Thursday, September 9, 2010

From Tehran to Jerusalem

In recent months, the two most glaring trouble spots for Turkish foreign policy have been relations with Israel and Iran. In the case of Israel, it's been the deterioration in relations that has caused trouble for Turkey, while in the case of Iran it's been the improvement in relations that has proved problematic (at least in terms of relations with western allies). The International Crisis Group has a new report out that takes a clear-eyed look at Ankara's relations with Israel and Iran and how the changes in those relations are fueling questions about in which direction Ankara is heading. Like other ICG reports, it also offers some very practical suggestions for everyone concerned about how to take things forward. From the report:
Damage to Turkey’s relations with Israel and suspicions in Western capitals about its relationship with Iran have dealt setbacks to Ankara’s “zero-problem” foreign policy. At the same time, there have been many misconceptions about Turkey’s new engagement in the Middle East, which aims to build regional peace and prosperity. From a Turkish perspective, Israel and Iran issues have separate dynamics and involve more collaboration and shared goals with Western partners than is usually acknowledged. Ankara’s share of the blame for the falling out with Western friends and Israel has been exaggerated, but there are problems in the government’s formulation and presentation of its foreign policy. These include short-sightedness, heated rhetoric, over-reach and distraction from Turkey’s core conflict-resolution challenges in its immediate neigh bourhood, including a Cyprus settlement, normalisation with Armenia, resolution of new Kurdish tensions and commitment to EU convergence....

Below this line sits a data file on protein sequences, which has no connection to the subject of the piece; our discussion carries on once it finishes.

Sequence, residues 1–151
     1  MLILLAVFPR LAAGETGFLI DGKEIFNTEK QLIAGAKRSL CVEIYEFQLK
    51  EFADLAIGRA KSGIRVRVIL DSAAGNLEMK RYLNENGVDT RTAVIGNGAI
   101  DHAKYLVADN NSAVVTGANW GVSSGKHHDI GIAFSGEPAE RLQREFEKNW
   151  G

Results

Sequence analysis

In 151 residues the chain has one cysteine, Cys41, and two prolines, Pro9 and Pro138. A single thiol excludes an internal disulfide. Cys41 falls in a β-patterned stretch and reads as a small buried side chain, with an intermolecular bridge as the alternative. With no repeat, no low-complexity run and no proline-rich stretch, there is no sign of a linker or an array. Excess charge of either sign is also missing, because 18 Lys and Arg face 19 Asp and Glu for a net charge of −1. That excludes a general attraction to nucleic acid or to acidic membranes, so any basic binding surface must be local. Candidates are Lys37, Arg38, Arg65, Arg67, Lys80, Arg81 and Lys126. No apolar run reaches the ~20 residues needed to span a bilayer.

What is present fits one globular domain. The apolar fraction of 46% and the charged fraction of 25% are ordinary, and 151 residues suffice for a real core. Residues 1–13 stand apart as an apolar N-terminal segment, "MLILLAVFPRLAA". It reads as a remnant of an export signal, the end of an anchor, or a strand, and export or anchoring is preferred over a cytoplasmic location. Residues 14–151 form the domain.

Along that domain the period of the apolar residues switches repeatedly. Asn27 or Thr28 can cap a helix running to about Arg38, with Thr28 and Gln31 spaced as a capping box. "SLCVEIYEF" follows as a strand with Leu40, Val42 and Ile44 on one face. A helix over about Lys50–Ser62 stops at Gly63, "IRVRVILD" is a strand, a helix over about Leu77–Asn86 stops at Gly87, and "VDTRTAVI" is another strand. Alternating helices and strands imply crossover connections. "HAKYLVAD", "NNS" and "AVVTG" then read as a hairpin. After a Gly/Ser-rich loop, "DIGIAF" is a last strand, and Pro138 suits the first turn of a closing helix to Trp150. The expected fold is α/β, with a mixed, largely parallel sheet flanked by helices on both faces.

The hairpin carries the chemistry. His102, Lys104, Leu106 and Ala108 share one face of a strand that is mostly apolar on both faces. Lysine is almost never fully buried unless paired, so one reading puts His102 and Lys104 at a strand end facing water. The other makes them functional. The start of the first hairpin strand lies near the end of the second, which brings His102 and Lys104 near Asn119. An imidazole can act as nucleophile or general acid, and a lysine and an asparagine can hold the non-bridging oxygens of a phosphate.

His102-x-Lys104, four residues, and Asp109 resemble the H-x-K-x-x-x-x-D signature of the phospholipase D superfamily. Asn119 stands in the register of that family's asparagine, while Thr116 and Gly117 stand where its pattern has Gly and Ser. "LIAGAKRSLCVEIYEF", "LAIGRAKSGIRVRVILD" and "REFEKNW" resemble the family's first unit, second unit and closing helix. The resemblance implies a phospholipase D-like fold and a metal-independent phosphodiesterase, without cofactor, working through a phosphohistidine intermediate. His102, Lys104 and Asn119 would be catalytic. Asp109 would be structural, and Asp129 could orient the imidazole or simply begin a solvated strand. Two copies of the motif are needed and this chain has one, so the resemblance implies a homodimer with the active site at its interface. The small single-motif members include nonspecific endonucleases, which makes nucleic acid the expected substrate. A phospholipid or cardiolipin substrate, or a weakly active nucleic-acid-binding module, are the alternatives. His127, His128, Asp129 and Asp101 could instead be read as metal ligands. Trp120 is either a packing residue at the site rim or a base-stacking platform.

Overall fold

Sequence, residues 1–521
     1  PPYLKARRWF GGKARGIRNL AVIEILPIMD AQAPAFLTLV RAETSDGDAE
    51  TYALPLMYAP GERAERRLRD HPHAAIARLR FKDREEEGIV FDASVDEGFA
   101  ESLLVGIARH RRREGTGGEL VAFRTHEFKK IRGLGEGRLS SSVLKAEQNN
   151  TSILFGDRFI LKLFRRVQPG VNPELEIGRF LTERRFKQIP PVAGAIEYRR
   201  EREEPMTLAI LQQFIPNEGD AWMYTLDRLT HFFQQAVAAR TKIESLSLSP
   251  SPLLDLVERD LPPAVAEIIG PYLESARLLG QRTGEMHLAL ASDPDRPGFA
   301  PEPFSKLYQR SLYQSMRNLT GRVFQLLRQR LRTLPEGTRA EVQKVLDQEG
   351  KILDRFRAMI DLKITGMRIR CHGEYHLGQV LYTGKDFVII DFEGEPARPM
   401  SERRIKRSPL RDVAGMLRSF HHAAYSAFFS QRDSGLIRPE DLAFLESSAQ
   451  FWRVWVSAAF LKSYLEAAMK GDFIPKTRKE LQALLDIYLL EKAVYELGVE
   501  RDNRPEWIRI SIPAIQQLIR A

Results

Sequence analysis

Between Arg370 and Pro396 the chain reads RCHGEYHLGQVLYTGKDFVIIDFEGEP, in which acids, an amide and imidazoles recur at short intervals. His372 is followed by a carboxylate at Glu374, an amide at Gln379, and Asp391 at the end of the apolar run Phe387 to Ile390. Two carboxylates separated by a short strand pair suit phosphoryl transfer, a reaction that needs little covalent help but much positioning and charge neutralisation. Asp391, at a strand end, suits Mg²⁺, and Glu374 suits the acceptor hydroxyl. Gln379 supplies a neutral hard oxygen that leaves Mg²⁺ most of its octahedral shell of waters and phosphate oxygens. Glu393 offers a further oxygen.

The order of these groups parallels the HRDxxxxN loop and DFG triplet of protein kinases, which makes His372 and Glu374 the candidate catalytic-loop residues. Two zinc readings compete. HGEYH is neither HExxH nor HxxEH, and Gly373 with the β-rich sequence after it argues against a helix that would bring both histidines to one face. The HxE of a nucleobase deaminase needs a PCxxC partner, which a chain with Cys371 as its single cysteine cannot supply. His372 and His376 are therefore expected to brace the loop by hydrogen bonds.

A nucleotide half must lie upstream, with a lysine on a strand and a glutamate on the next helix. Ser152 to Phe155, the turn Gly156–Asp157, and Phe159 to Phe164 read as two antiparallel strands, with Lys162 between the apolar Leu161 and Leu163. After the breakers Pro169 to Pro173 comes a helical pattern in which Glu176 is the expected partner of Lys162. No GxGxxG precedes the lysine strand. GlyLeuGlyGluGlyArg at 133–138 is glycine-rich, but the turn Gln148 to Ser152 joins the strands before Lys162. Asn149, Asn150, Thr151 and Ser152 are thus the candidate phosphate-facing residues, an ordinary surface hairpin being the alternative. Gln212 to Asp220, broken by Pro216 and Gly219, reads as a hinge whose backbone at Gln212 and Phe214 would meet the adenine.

....Turkey has changed greatly over the past two decades, becoming richer and more self-confident, no longer dependent on Washington or Brussels alone. While Ankara should not exaggerate its own importance or capacities, its Western partners should recognise its genuine significance in its region and beyond and spend more time talking to it quietly, constructively and at high-levels. To this end, Washington and Ankara in particular might usefully consider establishing new mechanisms for regular dialogue and better coordination on the full range of their shared foreign policy interests, including in the Middle East. Moreover, while Turkey remains committed to its EU path, France and Germany must keep its membership perspectives credible, if all are to take maximum advantage of their shared Middle East goals. These commonalities remain a strong basis for cooperating to increase stability and diminish conflicts in the region.
You can find a link to the full report here.

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